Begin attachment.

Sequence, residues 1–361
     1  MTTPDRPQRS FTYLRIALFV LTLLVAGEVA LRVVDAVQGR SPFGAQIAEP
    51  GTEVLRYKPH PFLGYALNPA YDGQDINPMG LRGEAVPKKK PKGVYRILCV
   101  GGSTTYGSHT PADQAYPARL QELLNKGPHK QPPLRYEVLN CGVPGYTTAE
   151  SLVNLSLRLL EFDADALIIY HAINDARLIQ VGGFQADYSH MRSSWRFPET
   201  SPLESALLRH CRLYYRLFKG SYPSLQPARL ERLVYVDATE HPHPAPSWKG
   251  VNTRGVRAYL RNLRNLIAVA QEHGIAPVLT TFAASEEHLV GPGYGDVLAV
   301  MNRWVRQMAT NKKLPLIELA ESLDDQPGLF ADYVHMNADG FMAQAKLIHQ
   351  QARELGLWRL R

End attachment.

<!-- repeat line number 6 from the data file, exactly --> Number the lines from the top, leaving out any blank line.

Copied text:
   201  SPLESALLRH CRLYYRLFKG SYPSLQPARL ERLVYVDATE HPHPAPSWKG